Resident action has impact. Thanks to Janie Miller and other local residents, around 2000 signatures collected in paper and online petitions, a big residents meeting and my motion at Moreland Council VicRoads is now considering lowering the speed limit on Nicholson Street Coburg to 40 kmh, street lights outside the IGA, a pedestrian count and other measures to make pedestrians safer. Just as well some councillors didn’t get away with attempting to water down the motion.
And congratulations to Issam’s children for doing a school project that counted the number of pedestrians crossing the street. VicRoads was shocked that such a large number of people crossed the street outside the IGA. Their school project has had an impact.
Level crossing removals on the Upfield Line and at Glenroy have been brought forward so that they will be done before the 2018 state election. The Moreland community needs to have a say in what option the Level Crossing Authority uses to remove the level crossing.
This is a public meeting organised by some local residents to get discussion started.
28 October this year was the 100th anniversary of the 1st anti-conscription referendum during WW1. One of the activities organised by the Brunswick-Coburg Anti-Conscription Commemoration Committee was a workshop to create a new song about peace, then two weeks later attend a workshop to learn it.
The song is inspired by the campaign in Brunswick and Coburg which voted down conscription during WW1; and the gaoling of leaders like Adela Pankhurst. This is in commemoration of when prominent suffragette Adela Pankhurst was jailed in Pentridge Prison for her anti-war and anti-conscription activities and a women’s choir sang outside the prison while Adela was stuck in her prison cell.
[By Susan Price] Out door-knocking for Sue Bolton in Moreland during the local council elections, we came across a dilapidated block of flats in an otherwise gentrified part of Brunswick. One of the last doors in the block was answered by an elderly man still in his pyjamas, breathless and clearly in distress. All he could manage to say was, “Can you please call someone?” I took one look at him and said, “Are you ill? Would you like us to call an ambulance?” He nodded. Continue reading →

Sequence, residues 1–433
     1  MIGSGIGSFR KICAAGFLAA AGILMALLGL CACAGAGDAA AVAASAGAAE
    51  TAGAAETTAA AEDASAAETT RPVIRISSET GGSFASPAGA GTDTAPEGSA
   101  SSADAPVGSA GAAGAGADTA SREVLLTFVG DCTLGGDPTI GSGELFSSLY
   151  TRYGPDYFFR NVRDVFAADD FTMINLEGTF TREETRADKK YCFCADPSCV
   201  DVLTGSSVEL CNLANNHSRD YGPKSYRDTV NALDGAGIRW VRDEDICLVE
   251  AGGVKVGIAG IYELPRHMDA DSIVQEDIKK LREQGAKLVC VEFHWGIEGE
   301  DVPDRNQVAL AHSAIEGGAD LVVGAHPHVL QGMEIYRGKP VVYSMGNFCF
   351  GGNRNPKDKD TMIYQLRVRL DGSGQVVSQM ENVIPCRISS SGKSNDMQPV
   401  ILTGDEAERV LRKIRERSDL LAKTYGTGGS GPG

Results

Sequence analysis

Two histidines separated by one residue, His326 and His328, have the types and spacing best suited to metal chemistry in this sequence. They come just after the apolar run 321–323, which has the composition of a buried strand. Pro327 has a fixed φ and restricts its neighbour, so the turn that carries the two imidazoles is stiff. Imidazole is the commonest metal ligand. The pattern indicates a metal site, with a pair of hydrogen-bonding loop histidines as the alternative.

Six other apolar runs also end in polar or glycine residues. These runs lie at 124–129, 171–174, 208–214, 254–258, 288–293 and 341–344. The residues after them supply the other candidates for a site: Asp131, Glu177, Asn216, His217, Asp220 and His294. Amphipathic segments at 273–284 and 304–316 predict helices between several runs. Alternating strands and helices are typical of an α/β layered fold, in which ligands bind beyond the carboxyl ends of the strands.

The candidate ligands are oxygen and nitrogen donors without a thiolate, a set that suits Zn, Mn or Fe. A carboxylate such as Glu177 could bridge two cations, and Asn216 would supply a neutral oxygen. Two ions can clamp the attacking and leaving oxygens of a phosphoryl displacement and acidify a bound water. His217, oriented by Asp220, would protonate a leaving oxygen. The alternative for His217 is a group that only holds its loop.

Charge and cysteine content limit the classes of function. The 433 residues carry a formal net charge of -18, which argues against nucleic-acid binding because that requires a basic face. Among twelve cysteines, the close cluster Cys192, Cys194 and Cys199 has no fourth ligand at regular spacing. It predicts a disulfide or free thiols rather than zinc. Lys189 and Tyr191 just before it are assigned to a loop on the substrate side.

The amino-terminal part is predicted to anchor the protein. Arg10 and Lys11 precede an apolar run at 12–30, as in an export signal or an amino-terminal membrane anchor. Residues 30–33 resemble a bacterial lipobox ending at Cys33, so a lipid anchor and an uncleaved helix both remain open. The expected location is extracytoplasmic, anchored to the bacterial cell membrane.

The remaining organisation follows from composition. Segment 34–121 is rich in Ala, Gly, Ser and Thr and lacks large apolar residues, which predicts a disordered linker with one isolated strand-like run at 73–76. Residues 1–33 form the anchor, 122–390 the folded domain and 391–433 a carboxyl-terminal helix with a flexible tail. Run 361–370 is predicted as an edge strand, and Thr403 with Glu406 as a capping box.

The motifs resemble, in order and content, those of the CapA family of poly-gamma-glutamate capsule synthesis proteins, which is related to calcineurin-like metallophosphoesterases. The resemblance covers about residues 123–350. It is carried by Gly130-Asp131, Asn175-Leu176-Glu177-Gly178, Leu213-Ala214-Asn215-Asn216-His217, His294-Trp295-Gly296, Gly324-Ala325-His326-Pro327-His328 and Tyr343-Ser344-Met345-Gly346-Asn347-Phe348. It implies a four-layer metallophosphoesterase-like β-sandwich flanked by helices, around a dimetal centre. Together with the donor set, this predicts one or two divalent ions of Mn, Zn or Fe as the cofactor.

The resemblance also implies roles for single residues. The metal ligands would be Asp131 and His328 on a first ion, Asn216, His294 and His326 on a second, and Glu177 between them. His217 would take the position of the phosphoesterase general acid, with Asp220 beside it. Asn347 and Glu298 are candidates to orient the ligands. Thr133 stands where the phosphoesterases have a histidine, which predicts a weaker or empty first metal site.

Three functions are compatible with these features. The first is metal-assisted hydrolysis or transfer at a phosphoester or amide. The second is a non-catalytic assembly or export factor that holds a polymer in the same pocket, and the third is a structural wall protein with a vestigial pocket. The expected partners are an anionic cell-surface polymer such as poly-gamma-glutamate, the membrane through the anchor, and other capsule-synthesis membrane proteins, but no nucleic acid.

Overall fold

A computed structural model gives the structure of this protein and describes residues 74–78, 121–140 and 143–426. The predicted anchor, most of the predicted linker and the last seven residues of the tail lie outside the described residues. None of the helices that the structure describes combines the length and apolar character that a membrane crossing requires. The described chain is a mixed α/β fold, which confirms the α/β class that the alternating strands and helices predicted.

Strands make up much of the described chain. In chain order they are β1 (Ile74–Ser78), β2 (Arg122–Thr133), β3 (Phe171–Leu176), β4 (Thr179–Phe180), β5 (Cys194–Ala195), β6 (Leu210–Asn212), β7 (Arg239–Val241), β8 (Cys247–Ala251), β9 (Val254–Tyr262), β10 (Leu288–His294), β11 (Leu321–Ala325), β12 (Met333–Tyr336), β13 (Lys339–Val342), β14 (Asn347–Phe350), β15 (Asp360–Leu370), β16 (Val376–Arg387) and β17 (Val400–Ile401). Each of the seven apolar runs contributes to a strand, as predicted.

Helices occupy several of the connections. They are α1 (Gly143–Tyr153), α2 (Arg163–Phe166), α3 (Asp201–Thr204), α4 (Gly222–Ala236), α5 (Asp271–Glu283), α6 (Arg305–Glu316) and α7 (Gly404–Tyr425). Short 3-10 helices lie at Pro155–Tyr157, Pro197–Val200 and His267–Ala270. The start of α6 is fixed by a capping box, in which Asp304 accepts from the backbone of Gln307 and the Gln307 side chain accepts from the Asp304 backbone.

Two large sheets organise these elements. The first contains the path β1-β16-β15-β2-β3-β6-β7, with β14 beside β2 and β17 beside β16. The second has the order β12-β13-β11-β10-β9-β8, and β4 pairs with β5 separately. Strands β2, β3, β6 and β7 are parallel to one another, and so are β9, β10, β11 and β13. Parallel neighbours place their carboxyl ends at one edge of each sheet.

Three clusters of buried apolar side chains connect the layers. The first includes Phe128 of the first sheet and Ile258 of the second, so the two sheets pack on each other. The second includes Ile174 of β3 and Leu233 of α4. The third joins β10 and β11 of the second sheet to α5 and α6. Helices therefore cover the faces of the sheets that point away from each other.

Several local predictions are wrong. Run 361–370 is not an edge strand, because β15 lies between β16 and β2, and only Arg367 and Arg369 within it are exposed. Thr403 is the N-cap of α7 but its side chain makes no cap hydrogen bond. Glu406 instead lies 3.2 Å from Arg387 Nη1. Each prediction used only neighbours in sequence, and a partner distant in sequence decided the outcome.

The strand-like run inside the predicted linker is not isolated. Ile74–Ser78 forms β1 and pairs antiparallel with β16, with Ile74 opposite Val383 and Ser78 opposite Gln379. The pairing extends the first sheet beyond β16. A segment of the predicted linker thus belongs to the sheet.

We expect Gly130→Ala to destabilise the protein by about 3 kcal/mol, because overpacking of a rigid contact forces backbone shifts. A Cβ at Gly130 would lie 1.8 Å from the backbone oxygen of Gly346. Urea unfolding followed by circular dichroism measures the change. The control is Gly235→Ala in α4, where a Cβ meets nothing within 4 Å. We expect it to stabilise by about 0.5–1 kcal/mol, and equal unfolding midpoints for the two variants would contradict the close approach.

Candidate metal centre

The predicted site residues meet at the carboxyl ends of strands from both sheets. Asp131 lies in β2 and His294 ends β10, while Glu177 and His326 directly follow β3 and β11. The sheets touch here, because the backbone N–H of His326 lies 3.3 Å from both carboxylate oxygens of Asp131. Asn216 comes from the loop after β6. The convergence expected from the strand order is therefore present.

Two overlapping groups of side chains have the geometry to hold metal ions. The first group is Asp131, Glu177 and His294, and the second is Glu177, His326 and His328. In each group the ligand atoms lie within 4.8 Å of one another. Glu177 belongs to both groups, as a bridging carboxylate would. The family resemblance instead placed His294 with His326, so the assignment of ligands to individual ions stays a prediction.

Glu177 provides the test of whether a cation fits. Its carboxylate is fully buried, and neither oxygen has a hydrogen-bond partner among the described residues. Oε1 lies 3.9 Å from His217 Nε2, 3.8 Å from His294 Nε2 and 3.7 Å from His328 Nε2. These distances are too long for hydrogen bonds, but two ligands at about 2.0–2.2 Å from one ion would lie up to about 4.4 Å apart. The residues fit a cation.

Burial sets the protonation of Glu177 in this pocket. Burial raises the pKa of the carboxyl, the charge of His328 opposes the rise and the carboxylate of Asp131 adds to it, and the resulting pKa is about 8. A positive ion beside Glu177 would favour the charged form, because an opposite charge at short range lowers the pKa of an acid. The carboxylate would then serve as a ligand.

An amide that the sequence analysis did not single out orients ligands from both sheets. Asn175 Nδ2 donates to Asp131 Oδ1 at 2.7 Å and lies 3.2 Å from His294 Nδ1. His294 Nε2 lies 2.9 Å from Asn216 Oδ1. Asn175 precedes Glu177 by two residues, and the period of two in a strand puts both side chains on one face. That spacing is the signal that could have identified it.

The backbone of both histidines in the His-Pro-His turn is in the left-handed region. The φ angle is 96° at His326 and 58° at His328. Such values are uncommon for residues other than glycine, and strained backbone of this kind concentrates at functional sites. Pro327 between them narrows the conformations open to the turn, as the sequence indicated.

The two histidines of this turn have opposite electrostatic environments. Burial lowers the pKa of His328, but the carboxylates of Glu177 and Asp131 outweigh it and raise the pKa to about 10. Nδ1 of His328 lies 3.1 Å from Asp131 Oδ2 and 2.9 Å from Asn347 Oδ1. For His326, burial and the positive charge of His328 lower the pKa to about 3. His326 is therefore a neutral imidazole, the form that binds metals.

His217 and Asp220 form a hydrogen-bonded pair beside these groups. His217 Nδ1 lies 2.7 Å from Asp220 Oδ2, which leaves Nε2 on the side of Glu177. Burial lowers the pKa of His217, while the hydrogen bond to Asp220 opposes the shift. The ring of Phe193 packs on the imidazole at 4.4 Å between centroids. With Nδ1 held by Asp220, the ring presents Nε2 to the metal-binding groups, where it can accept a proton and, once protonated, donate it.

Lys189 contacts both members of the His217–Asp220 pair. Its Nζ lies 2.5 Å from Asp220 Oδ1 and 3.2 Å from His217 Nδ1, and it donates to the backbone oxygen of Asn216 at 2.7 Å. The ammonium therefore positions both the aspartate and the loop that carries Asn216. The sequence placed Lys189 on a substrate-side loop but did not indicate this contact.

[By Sue Bolton] The federal treasurer’s “solution” to the housing affordability crisis is to get state governments to relax restrictions on housing developers to increase supply. Scott Morrison told the industry’s peak body, the Urban Development Institute, on October 24 that “housing in Australia, especially in Sydney, Melbourne and Brisbane, is expensive and increasingly unaffordable, but that does not mean it is overvalued.” How can you have more affordable housing and keep prices up at the same time? The answer is you can’t do both. Continue reading →
[By Sue Bolton] I would like to say a massive thank-you to everyone who helped out in my re-election campaign. The results came through from the Victorian Electoral Commission late on Friday night. I got 13.03% of the vote and was the second councillor elected to the North-East ward. Continue reading →
[By Pip Hinman] Those who believe empowered communities are the best defence to politics-as-usual are celebrating the re-election of two hard-working socialist councillors in Victoria’s local council elections held on October 22. The results were announced on October 28. The Socialist Alliance’s candidate Sue Bolton, standing in the North-East Ward of Moreland City Council, was re-elected with the second-highest primary vote (3249 votes, 13.03%) in the ward, behind the Green’s Natalie Abboud (5640, 22.62%). Continue reading →
Community groups ‘Save Coburg Residents’ Network’ and ‘Pentridge Community Action Group’ have organised a forum for the Moreland Council Candidates for the North East Ward where residents can find out where the candidates stand on development and planning in Moreland and what they each plan to do for the community.
The forum will be the Coburg Uniting Church, 21 Victoria Street Coburg, and will start at 7pm on October 13.